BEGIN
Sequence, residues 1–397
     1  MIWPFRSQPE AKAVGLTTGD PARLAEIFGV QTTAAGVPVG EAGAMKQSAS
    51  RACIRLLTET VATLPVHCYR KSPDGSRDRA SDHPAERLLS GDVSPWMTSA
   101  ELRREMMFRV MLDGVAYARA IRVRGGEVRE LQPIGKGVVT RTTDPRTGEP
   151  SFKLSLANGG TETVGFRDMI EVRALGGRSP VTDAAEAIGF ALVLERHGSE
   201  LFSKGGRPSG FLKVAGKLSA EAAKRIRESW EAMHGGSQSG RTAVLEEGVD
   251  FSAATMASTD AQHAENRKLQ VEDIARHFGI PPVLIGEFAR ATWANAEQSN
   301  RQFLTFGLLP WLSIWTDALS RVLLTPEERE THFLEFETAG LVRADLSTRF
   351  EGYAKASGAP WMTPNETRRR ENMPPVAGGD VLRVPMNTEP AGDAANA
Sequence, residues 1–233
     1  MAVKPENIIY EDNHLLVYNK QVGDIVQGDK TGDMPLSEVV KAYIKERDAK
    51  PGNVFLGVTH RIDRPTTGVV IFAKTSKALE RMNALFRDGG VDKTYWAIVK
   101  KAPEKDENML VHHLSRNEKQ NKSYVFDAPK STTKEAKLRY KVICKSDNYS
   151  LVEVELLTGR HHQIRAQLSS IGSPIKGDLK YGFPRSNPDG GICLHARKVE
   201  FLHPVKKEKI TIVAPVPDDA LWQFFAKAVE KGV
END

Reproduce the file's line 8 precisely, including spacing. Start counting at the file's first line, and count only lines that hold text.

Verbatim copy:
   301  RQFLTFGLLP WLSIWTDALS RVLLTPEERE THFLEFETAG LVRADLSTRF